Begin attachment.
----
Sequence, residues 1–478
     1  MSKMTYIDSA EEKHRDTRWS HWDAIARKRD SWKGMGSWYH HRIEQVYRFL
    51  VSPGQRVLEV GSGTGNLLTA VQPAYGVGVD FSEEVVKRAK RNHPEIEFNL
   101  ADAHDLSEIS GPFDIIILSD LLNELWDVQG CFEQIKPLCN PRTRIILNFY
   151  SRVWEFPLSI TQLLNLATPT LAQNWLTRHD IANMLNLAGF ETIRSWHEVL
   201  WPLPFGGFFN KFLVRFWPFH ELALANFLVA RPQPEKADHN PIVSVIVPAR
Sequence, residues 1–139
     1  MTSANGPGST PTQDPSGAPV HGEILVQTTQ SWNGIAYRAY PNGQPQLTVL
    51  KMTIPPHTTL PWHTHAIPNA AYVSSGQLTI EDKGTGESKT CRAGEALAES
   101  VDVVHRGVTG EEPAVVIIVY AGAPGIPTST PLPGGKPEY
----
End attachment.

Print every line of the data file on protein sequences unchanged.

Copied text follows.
Sequence, residues 1–478
     1  MSKMTYIDSA EEKHRDTRWS HWDAIARKRD SWKGMGSWYH HRIEQVYRFL
    51  VSPGQRVLEV GSGTGNLLTA VQPAYGVGVD FSEEVVKRAK RNHPEIEFNL
   101  ADAHDLSEIS GPFDIIILSD LLNELWDVQG CFEQIKPLCN PRTRIILNFY
   151  SRVWEFPLSI TQLLNLATPT LAQNWLTRHD IANMLNLAGF ETIRSWHEVL
   201  WPLPFGGFFN KFLVRFWPFH ELALANFLVA RPQPEKADHN PIVSVIVPAR
Sequence, residues 1–139
     1  MTSANGPGST PTQDPSGAPV HGEILVQTTQ SWNGIAYRAY PNGQPQLTVL
    51  KMTIPPHTTL PWHTHAIPNA AYVSSGQLTI EDKGTGESKT CRAGEALAES
   101  VDVVHRGVTG EEPAVVIIVY AGAPGIPTST PLPGGKPEY